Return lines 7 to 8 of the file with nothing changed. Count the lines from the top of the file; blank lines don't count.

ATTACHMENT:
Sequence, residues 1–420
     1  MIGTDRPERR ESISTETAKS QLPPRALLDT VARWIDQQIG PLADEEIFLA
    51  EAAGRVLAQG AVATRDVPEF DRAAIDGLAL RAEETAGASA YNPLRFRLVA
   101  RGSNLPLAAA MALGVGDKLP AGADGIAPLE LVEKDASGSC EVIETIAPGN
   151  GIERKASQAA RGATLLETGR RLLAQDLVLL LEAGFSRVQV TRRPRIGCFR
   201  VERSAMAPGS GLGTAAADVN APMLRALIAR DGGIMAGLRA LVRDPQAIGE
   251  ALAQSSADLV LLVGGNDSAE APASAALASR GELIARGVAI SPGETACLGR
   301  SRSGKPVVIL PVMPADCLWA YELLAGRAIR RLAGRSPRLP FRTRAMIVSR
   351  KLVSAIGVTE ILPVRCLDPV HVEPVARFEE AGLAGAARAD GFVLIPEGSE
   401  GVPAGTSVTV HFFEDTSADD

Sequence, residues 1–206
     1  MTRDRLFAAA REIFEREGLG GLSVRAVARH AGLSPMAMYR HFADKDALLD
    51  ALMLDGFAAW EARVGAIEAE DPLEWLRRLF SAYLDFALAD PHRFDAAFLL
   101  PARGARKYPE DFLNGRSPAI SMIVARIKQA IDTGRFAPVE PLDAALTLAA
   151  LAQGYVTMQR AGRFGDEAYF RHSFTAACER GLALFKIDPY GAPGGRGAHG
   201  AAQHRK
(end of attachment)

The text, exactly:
   251  ALAQSSADLV LLVGGNDSAE APASAALASR GELIARGVAI SPGETACLGR
   301  SRSGKPVVIL PVMPADCLWA YELLAGRAIR RLAGRSPRLP FRTRAMIVSR